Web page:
Men’s Basketball: Needs and Targets for Spring Recruiting Period

By Kevin Sweeney

Despite being close to 200 days from the beginning of the 2019-20 college basketball season, it’s an incredibly busy time of year for the Northwestern men’s basketball coaching staff. Between recruiting future ‘Cats at live period events, scouring the transfer market, and finding an assistant coach to replace Billy Donlon, Chris Collins has a lot on his plate.

It appears that Collins has crossed one order of business of his checklist, as it was reported earlier in the week that current Northern Illinois associate head coach Jon Borovich would replace Donlon on Collins’ bench.

Still, Collins, Borovich, and the rest of the Wildcat coaching staff have to take on double duty over the next several weeks: look to fill out a roster that still has four scholarships open for the 2019-20 season while spending many weekends on the road evaluating players in the 2020 and 2021 classes at grassroots events across the country.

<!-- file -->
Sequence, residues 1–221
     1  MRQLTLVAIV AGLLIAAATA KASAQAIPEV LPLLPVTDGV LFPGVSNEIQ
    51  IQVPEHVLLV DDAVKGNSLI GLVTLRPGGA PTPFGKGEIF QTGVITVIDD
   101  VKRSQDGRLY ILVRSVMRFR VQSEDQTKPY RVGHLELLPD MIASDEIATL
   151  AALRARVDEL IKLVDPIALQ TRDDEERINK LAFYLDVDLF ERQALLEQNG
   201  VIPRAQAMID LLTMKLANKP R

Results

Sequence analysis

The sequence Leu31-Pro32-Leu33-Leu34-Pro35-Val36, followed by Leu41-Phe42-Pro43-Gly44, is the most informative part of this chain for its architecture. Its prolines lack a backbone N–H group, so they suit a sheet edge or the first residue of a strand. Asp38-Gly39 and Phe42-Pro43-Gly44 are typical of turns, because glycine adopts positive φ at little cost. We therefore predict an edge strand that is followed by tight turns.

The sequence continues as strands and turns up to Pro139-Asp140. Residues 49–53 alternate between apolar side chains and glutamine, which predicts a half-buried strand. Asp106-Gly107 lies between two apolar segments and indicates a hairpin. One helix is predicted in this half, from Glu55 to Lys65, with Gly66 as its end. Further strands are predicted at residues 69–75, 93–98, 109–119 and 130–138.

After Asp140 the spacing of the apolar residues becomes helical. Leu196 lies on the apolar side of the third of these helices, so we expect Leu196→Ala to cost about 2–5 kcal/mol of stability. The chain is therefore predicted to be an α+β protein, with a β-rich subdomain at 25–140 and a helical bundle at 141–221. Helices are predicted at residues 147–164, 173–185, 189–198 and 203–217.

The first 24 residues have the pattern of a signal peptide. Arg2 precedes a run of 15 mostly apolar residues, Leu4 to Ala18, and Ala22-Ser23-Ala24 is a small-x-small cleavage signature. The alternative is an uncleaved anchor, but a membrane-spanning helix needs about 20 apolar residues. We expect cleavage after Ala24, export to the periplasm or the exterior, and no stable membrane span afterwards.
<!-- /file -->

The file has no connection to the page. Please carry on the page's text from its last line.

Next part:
While Northwestern has already earned one commitment this month from a member of the 2020 recruiting class in guard Joe Bamisile, NU still has a lot of holes as the calendar inches toward May. Here’s how the current scholarship situation shakes out:

Senior = blue, junior = green, sophomore = orange, freshman = red. ** indicates redshirt

One thing that is clear from this chart is a lack of class balance. The result of having rising seniors Aaron Falzon and Barret Benson depart, as well as earlier transfers by Isaiah Brown and Rapolas Ivanauskas, is that Northwestern is slated to have just one senior in each of the next two seasons. That makes graduate transfers an even more intriguing option for Northwestern in this cycle, as not only would they provide immediate help on the team next season but they would also allow Northwestern to get the scholarship back for next season.

Team Needs:

In the short term, Northwestern’s two biggest needs are experience at point guard and center.

It was made abundantly clear last season by the Wildcats’ offensive woes that neither AJ Turner nor Anthony Gaines can cut it running the show out of position, and while there’s still time for Ryan Greer to establish himself as a key cog, he didn’t show much in his freshman campaign. 3-star freshman Daniel Buie is coming off a strong year at Gould Academy in Maine and has a bright future, but relying on an under-recruited freshman to run the show seems like a dangerous strategy. A grad transfer point guard seems like the logical choice here, though the market is lacking.